Avelino Cabe DOLIENTE, Plaintiff and Respondent, v. Gerald J. LONERGAN, etc., et al., Defendants and Appellants.
The San Diego County Superior Court granted Avelino Cabe Doliente's petition for a writ of mandate, requiring San Diego County, a subdivision of the State of California, to continue him as a County employee, and holding unconstitutional two penal provisions in the county charter limiting county employment to United States citizens. The County appeals the judgment.
Sections 41 and 89 of the county charter prohibit the County from hiring any person who is not a United States citizen. A person who has declared his intent to become a citizen is excepted and may be hired, but loses the exception If he fails to secure his naturalization certificate within six months After the time he is entitled to secure it. Any person convicted of violating sections 41 and 89 is subject to imprisonment of no more than six months or a fine of no more than $500, or both.
The facts are not in dispute. Doliente, a citizen of the Philippines, lawfully entered the United States in August 1968. A year later he declared his intention of becoming a United States citizen. In November 1969 the County employed him in its classified service. In 1973, having resided continuously in the United States for five years, Doliente became eligible to petition for citizenship (8 U.S.C.A. s 1427). He promptly filed his petition. In February 1974 the County sent Doliente a letter allowing him two months and one week in which to be naturalized or suffer discontinuance of pay. The letter acknowledged Doliente had petitioned for citizenship, adding ‘the Immigration and Naturalization Service has a tremendous backlog of work which has delayed the normal processing of applications.’ The letter anticipated Doliente soon would be scheduled to appear in court for naturalization, and asked him to present the County with evidence of naturalization as soon as he received it. A virtually identical letter again was sent to Doliente in April, extending the deadline to July 15, 1974 within which to comply. The time was orally extended another week. The backlog was not broken; through no fault of Doliente, he did not receive his citizenship papers in time. He brought this action for declaratory relief and mandate.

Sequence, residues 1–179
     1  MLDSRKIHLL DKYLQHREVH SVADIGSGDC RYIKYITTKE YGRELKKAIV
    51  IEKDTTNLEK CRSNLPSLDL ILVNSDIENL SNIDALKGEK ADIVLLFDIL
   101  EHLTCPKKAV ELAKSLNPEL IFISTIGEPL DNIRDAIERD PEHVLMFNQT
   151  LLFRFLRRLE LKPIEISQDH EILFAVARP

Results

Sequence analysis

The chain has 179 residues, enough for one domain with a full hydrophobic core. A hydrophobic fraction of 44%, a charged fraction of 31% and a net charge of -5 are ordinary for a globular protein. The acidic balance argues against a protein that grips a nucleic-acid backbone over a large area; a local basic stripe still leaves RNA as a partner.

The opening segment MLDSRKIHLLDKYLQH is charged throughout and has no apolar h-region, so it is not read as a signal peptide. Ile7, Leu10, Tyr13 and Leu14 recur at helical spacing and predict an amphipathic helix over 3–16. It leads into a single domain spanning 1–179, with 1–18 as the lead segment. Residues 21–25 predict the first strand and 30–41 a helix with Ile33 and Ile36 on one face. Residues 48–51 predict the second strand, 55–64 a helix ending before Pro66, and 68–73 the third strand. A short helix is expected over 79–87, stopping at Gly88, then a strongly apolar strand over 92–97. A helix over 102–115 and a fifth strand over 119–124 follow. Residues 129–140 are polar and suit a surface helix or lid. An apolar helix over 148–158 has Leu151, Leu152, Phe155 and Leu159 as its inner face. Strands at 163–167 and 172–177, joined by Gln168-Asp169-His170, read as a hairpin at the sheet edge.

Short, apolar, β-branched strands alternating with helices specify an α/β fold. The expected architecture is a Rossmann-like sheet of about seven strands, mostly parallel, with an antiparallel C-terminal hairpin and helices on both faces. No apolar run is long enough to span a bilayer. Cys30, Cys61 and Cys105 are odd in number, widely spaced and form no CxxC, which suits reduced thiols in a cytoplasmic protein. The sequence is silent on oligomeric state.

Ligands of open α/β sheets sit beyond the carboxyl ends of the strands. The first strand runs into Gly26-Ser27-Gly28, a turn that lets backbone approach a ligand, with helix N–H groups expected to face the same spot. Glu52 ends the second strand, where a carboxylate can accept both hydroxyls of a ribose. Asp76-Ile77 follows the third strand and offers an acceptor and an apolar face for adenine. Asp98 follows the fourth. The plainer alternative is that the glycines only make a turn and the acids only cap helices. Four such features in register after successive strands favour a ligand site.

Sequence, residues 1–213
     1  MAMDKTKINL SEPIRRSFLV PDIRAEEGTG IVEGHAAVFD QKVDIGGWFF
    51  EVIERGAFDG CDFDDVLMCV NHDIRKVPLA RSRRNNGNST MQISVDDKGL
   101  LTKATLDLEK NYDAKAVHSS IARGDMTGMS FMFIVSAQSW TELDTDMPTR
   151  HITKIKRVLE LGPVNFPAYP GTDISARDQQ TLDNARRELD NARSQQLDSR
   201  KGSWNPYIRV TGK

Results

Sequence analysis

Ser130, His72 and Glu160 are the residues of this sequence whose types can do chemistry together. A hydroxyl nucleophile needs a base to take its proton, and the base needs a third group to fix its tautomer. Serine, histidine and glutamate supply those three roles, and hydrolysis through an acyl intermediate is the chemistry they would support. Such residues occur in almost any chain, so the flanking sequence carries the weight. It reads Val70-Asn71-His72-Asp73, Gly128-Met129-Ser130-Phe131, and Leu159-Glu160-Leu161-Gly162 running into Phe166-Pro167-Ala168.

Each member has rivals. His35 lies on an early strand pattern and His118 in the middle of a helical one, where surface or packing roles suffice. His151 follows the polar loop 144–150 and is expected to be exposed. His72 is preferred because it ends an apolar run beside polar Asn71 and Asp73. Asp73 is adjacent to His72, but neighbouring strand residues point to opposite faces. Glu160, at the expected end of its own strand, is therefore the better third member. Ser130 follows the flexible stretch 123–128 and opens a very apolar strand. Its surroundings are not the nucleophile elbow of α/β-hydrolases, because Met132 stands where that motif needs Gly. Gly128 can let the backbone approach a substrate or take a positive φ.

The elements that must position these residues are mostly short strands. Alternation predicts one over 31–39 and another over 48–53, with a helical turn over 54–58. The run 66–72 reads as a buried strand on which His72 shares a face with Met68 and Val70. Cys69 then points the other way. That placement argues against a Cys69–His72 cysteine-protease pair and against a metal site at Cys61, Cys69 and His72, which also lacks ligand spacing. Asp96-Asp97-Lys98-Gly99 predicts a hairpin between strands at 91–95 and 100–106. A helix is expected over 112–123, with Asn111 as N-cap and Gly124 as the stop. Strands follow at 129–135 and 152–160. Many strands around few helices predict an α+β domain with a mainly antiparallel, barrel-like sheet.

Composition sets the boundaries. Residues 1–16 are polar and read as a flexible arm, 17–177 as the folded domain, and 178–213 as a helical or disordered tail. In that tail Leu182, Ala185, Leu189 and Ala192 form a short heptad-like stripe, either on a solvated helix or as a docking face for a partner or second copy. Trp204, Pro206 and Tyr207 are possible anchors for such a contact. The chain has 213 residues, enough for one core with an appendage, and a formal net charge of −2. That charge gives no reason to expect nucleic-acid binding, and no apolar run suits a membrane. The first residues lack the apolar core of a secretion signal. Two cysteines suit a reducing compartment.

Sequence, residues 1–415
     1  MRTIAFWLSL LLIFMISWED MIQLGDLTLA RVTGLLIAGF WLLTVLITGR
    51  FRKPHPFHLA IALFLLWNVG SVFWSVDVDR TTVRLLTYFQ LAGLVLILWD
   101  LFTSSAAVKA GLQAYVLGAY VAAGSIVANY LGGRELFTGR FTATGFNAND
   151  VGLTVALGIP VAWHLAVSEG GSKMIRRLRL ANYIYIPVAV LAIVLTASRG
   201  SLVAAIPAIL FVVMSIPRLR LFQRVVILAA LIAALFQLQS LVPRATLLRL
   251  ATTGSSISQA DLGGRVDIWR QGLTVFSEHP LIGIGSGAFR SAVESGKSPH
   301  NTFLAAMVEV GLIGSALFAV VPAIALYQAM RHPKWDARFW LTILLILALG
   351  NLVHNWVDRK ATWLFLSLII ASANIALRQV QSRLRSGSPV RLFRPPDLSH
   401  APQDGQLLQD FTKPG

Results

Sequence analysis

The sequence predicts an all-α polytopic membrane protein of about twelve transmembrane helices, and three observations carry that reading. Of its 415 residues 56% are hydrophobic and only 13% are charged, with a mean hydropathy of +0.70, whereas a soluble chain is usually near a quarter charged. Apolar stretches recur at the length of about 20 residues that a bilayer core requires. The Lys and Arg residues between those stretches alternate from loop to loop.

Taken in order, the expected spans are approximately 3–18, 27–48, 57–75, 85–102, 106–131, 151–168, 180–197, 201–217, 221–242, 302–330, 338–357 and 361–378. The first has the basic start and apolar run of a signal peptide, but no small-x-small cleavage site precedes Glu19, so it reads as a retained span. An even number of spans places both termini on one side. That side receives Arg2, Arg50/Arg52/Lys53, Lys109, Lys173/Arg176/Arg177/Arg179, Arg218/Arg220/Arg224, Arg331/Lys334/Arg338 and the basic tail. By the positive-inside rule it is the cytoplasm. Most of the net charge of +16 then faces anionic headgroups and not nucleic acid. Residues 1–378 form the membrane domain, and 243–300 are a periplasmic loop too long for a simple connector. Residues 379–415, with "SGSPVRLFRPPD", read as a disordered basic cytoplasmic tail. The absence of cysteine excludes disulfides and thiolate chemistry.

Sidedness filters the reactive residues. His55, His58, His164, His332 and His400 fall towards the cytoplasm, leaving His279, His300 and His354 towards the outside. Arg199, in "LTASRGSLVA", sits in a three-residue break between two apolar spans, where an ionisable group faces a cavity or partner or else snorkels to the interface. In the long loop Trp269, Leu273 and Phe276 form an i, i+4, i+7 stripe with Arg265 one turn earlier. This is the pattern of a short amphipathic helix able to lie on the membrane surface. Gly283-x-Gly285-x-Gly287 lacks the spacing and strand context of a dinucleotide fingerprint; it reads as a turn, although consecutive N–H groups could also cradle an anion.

Because of their forfeiture and penal features, sections 41 and 89 of the county charter must be strictly construed against the County, and be liberally construed in favor of Doliente.
Our interpretation of the charter sections is premised upon an employee's timely petitioning for citizenship following eligibility, and his diligently pursuing his efforts at every stage. Up to this point Doliente has done everything within his power timely to obtain his naturalization papers. He did not Fail to secure them. It was another branch of government—the Immigration and Naturalization Service—which failed, because of a tremendous backlog of work, to process his petition expeditiously.
Moreover, although eligible for United States citizenship, Doliente is not entitled to secure his naturalization certificate until he has been investigated and a report has been filed by the Immigration and Naturlization Service (8 U.S.C.A. s 1446). Such has not taken place. Thus the charter's exception is not lost. In other words, under the circumstances of this case there has been no failure by Doliente to secure his naturalization certificate within six months after the time he is entitled to secure it. He is not entitled to secure it until the Immigration and Naturalization Service has reported on Doliente's application. The six months' period has not begun to run.
Since the judgment should be affirmed for the reasons stated above, we should exercise judicial restraint and not reach the constitutional issue.
GERALD BROWN, Presiding Justice.
AULT and COLOGNE, JJ., concur.